Beauty ranked second only to Garbo's by famed photographer Baron George Hoyningen-Huene in August issue of Photoplay magazine
One-shot return to Hollywood at John Ford's request; played opposite Henry Fonda in Ford's "The Fugitive"
Journeyed to England to star in "Accused"
Appeared in first American film in nearly a dozen years, opposite Anthony Quinn in "The Children of Sanchez"; also her last
Painter friend Adolfo Best Maugard brought honeymooning director Edwin Carewe and his wife Mary Aiken and married film stars Claire Windsor and Bert Lytell to visit Del Rios; Carewe offered Del Rio a Hollywood contract
Criticized during the McCarthy era of the 1950s for having aided anti-Franco refugees from the Spanish Civil War
Debuted on Mexican stage in Oscar Wilde's "Lady Windemere's Fan", which she had filmed in Buenos Aires in 1948
Selected as one of 13 WAMPAS (Western Association of Motion Picture Advertisers) "Baby Stars" of the year
Arrived in Hollywood August 27
Family fled to Mexico City to escape Pancho Villa
Under contract to RKO in early 1930s
Began taking dancing lessons from noted dancer Felipa Lopez (date approximate)
Made US TV debut in "Old Spanish Custom", an episode of the "Schlitz Playhouse of Stars"
Returned to Hollywood; played Elvis Presley's mother in "Flaming Star"
Debuted onstage in New England summer stock touring production of "Anastasia"
Voice first heard on film in part-talkie, "Evangeline"
After small parts in four films, played first important lead in "What Price Glory?"
Film acting debut in "Joanna"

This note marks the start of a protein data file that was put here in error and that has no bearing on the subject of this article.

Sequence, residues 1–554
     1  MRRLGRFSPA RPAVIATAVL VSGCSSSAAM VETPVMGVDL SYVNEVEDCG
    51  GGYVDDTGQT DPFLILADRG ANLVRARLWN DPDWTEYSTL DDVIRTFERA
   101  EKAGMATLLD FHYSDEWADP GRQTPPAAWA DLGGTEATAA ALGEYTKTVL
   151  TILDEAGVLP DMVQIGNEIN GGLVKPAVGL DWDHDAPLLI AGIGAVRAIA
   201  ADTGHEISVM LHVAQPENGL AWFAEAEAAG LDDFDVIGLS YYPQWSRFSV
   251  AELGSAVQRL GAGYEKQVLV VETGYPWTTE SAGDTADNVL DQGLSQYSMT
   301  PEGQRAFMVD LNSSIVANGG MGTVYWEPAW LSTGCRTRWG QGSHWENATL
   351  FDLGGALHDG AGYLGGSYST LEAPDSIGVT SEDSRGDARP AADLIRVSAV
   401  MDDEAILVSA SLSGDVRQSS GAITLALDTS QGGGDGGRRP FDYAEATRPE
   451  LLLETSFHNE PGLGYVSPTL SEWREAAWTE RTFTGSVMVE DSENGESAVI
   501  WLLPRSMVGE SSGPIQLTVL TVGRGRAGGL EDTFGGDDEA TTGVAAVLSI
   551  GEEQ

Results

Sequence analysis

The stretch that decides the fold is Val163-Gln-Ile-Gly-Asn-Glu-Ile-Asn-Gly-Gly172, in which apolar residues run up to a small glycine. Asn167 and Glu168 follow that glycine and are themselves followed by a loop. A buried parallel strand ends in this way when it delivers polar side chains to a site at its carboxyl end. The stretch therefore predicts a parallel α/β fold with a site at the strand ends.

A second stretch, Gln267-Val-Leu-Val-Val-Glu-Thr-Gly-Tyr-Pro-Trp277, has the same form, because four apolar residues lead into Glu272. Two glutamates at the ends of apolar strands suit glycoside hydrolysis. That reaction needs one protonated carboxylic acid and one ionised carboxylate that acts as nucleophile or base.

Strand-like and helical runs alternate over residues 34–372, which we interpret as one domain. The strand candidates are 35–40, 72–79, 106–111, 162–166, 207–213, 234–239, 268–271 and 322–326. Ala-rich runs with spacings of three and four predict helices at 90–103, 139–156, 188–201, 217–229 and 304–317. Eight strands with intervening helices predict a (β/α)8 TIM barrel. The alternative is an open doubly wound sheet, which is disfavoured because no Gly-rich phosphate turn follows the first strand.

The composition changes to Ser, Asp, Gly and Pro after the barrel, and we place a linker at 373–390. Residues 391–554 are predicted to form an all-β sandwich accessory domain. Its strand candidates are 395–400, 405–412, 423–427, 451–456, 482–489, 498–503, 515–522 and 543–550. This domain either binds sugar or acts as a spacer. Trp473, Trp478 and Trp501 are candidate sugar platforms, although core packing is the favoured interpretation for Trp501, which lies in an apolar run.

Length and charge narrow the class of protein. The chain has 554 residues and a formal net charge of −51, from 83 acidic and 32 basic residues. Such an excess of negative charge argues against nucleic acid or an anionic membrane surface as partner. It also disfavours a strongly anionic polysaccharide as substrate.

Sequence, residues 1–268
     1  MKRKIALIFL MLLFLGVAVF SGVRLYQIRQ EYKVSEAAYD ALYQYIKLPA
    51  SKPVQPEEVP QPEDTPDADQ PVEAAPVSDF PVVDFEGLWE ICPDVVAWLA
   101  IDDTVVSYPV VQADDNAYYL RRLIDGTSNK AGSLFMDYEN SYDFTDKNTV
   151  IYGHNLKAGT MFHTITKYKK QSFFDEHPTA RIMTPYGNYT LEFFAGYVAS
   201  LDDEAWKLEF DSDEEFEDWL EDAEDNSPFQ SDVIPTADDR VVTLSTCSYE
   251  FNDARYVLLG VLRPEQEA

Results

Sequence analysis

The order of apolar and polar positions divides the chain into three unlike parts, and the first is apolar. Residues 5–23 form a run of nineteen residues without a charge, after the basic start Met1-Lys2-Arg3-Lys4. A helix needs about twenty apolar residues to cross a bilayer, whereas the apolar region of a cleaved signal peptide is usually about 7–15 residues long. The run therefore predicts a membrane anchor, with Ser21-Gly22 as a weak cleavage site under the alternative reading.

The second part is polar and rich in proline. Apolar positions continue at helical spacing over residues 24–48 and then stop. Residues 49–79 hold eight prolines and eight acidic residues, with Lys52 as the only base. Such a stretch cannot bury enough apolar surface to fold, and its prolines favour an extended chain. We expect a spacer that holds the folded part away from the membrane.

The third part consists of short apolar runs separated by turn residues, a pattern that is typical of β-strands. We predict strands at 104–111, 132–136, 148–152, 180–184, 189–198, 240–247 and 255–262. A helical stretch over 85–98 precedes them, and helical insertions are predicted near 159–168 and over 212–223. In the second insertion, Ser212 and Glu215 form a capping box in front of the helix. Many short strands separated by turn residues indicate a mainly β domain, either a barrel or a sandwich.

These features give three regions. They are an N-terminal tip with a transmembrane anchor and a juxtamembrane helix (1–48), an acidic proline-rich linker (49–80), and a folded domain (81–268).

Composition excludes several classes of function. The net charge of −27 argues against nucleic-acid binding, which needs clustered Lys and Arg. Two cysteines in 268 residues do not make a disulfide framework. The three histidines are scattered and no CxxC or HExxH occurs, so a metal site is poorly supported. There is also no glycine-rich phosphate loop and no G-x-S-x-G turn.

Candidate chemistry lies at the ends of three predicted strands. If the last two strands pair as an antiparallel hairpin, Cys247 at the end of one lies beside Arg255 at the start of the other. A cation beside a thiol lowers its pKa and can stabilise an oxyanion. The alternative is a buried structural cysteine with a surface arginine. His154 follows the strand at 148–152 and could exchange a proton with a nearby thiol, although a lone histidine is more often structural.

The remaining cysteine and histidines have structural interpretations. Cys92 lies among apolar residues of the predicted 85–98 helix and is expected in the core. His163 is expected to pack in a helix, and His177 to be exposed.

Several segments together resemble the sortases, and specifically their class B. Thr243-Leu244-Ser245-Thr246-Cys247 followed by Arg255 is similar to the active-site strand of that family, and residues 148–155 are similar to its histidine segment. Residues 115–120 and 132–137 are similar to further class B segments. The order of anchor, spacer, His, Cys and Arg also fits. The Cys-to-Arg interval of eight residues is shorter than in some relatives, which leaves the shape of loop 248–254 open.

Easily one of the most beautiful women of her era and one of the most gorgeous people ever to make it to the ranks of film stardom. Del Rio's career in the 1920s and 30s unfortunately suffered from too many exotic, two-dimensional roles designed with Hollywood's cliched ideas of ethnic minorities in mind. Her best-remembered film from this period is "Flying Down to Rio" (1933), which partnered Fred Astaire and Ginger Rogers for the first time. One of her more interesting parts was her last American lead, in "Journey Into Fear" (1942), set up by and co-starring Del Rio's then paramour, Orson Welles. It took a return to the stage and screen in her native Mexico (where she won that country's equivalent of a Best Actress Oscar four times and was lauded as "the first lady of Mexican theater") and later Hollywood character parts (e.g., in John Ford's "The Fugitive" 1947 and his "Cheyenne Autumn" 1964) for her talent to be fully displayed.
Jamie Martinez Del Rio
married early in 1921 when Dolores was 15; 18 years her senior; divorced in December 1928; died soon thereafter after an operation in Berlin
Antonia Lopez Negrete de Asunsolo
descended from the Toltecs; died 1962
from a prominent Spanish-Basque family in Chihuahua; director of the Bank of Durango; died 1940
had long association with MGM; reportedly was bisexual; married in 1930; divorced in 1941
popular star of 1920s and early 30s; born February 6, 1899; found murdered October 31, 1968; second cousin
Dated Del Rio c. 1939-1942 while she was married to Cedric Gibbons ; acted together in the film, "Journey into Fear" (1942)
Convent of St Joseph
"I tried to interest my producers in stories about Mexico. I wanted to play a Mexican. But they preferred me to play a Frenchwoman or Polynesian ... There was a strong resistance to dwelling on a performer's national heritage." --Del Rio recalling her years in Hollywood, quoted in "Hispanic Hollywood" by George Hadley-Garcia
"As a beauty, Delores Del Rio is in a class with Garbo. Then she opens her mouth and becomes Minnie Mouse." --quoted attributed to John Ford